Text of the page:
The agency cited two other recent incidents. The first involved an Airbus A330 that flew from Perth to Brisbane with 1,467 kg (3,234 lb) of unrecorded cargo that should have been offloaded in Perth. The second involved a miscalculation of a Fairchild SA227’s center of gravity before a rejected takeoff from Rockhampton.
Air Safety List Updates
The European Commission, citing recent turmoil in Libya, has banned all of that country’s airlines from operating in European airspace.
“The [Libyan] Civil Aviation Authority is no longer able to fulfill its international obligations with regard to the safety of the Libyan aviation sector,” said Violeta Bulc, European Union (EU) commissioner for transport.
With the addition of Libyan airlines, the EU Air Safety List includes 310 banned airlines. The list includes all airlines certified in 17 countries; most airlines in four other countries, where specific exceptions have been granted; and two individual airlines.
In addition, 10 airlines are authorized to operate subject to restrictions that allow them to fly in European airspace only with specific aircraft types.
Bulc said that several countries with air carriers on the list — especially the Philippines, Sudan, Mozambique and Zambia — have made progress that might lead to an easing of the restrictions that affect them.
The EU says its list contains the names of airlines that are “either considered not to be able to respect international aviation safety standards or whose civil aviation authorities are deemed unable to provide the necessary safety oversight as foreseen by international aviation safety rules.”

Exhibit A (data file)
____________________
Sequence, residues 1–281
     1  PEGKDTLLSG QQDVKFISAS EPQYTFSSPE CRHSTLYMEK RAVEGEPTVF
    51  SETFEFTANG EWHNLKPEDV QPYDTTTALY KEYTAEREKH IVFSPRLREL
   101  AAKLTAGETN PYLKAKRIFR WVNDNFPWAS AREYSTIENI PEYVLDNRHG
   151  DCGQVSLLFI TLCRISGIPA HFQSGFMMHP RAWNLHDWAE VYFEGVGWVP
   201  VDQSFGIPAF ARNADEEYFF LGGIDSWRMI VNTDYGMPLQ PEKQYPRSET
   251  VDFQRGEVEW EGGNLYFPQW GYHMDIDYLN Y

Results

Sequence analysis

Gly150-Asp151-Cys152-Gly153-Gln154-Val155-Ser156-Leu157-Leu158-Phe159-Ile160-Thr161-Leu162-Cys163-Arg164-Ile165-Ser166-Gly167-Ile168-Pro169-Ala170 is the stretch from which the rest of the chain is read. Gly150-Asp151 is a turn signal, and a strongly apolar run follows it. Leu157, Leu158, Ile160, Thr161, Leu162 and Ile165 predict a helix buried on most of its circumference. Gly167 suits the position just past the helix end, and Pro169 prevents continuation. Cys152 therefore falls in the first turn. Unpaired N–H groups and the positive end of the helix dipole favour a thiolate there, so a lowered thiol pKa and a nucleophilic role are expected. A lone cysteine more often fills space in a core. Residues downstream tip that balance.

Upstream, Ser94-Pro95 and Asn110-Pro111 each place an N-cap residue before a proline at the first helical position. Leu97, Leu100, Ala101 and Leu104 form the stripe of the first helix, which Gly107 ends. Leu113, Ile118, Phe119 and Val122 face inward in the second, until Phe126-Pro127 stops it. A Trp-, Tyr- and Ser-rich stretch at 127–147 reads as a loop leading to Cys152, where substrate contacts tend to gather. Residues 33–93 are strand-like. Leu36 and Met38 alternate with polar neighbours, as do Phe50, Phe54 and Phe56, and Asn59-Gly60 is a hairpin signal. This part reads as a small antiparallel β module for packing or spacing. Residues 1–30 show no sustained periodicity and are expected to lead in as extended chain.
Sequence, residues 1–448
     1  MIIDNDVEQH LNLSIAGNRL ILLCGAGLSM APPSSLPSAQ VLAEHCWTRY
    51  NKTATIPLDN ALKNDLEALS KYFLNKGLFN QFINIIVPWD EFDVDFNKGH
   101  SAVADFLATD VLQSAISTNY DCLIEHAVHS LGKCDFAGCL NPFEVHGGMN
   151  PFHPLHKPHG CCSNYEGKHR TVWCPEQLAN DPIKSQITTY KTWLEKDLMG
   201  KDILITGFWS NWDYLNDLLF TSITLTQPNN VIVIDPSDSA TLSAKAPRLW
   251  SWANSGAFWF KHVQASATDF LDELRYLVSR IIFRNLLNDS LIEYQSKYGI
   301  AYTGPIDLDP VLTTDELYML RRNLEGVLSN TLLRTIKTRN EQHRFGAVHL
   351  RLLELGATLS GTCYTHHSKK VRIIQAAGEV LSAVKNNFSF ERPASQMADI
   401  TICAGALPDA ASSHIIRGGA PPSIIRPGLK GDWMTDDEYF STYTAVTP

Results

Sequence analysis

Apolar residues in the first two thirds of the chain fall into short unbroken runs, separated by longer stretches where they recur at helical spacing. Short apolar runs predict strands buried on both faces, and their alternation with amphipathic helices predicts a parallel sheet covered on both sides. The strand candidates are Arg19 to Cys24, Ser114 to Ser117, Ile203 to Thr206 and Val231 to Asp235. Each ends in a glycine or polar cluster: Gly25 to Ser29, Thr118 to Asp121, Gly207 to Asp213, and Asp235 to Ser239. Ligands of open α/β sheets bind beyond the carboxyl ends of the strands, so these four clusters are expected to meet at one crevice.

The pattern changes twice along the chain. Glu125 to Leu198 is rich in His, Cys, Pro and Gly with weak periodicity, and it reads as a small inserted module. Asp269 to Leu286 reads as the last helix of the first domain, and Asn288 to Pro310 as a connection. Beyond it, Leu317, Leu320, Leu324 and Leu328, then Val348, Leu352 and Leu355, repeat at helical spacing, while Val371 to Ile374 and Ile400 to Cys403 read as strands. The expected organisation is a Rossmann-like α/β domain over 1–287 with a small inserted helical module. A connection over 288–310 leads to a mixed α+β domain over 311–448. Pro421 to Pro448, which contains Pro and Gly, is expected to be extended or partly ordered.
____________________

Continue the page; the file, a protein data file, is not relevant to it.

Improving the Design Process
The U.S. National Transportation Safety Board (NTSB) says guidance and training improvements are needed for the aviation industry, as well as U.S. Federal Aviation Administration (FAA) certification engineers, on safety assessments and methods of compliance for aircraft designs involving new technology.
The NTSB’s comments were contained in its final report, released in December, on the Jan. 7, 2013, fire in a lithium-ion battery in a Japan Airlines Boeing 787 parked at a gate at Boston Logan International Airport after a flight from Tokyo. The 194 passengers and crewmembers had deplaned before the fire broke out, and none of the maintenance or cleaning personnel in the airplane was injured.
The NTSB said that “shortcomings in design and certification” led to the fire and identified as the probable cause “an internal short circuit within a cell of the APU [auxiliary power unit] lithium-ion battery, which led to thermal runaway that cascaded to adjacent cells.”